Sunday, April 28, 2013

Comedy at the Running Horses.

A photo I took a while back of the Running Horses pub, next to Erith Riverside Gardens. The pub used to be excellent back in the late 1980's, having a superb carvery / restaurant on the upper floor, which used to be packed with diners in the evening and weekends. In fact, you used to have to book two weeks in advance on a Sunday lunch time. Things unfortunately went down hill, and the place has been somewhat sad and unloved for the last few years. Hopefully this situation may be changing, as the pub is now holding a monthly stand up comedy club, which is featuring some quite big names in modern British comedy. The next comedy evening hosted by the Runaway Comedy Club is being held on the 5th May. You can see details of the event by clicking here. I wish them every success - this is just the kind of imaginative creativity the town needs; they just need to publicise it more.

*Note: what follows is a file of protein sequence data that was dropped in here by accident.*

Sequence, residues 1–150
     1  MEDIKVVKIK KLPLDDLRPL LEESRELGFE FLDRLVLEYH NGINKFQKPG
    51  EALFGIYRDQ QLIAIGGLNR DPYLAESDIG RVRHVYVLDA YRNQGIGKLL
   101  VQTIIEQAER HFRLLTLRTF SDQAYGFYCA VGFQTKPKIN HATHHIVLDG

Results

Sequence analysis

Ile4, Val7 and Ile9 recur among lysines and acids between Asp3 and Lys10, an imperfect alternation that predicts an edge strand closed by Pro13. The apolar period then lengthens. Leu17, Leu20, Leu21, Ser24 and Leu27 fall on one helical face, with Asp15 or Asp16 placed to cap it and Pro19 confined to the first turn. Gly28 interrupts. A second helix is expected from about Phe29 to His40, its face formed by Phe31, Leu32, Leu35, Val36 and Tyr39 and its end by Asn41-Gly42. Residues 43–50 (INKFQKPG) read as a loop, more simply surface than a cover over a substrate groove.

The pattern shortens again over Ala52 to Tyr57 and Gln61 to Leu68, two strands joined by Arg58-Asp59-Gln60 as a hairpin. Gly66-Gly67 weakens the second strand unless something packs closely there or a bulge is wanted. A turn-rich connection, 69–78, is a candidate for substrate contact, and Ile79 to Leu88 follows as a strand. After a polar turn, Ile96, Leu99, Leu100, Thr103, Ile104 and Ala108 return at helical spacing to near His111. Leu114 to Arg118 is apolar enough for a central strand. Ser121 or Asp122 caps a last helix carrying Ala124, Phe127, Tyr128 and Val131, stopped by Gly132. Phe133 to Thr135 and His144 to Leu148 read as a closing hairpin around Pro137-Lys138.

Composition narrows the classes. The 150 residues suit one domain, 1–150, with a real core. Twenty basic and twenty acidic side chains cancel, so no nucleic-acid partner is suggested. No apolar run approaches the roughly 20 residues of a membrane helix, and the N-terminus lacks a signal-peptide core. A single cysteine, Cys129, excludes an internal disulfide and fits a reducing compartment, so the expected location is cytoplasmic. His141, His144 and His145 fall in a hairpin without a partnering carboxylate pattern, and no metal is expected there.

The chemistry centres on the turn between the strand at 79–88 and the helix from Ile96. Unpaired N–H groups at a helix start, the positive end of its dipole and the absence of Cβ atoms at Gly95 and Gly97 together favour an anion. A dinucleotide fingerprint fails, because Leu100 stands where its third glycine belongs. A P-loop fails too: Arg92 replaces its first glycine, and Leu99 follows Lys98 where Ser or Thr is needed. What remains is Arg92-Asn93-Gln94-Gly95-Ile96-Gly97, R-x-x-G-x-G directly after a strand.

The Cross Street Law Centre in the Erith Riverside Shopping Centre is taking part in the London Legal Walk again this year. The aim of the walk is to raise much needed funds for law advice and legal advice groups around London. The Cross Street Law Centre has already been forced to cut back on its’ free legal advice services to local residents due to both funding cuts and changes in the law regarding free legal advice.  The law centre provides free legal and housing advice to local people who are unable to afford to go to a commercial lawyer. Their mission statement reads “Cross Street Law Centre is a professional, not for profit organisation committed to the delivery of free and quality legal advice, assistance, information and representation to the local community in specialist areas. Our aim is to actively tackle social exclusion by empowering and educating individuals to assert their legal rights and work alongside other community groups and service providers to improve access to social justice. Underpinning our work is a commitment to promote equality and justice and challenge discrimination”. It has been living a hand to mouth existence for several years, scrabbling around for scraps of funding from all the sources it can locate. An area such as Erith really needs the kind of service that the Cross Street Law Centre provides, and it is worrying to see it struggling to make ends meet, and to continue to serve the local population. With the scope and services of Erith Citizen’s Advice Bureau also severely constrained (and their website non – existent) there really is very little advice or support for local people who cannot afford the fees a law firm or planning consultancy would charge. I fear that the situation is going to get worse rather than better. Let’s hope that the Cross Street Law Centre manage to raise enough much needed funding to keep going for now. I think that a long term fix will have to involve either a wealthy donor, or more likely some commercial sponsorship from a prominent local company such as, for example ADM Oils or the Erith Construction Group. It would be a great piece of corporate social responsibility, and would really benefit the people of the town.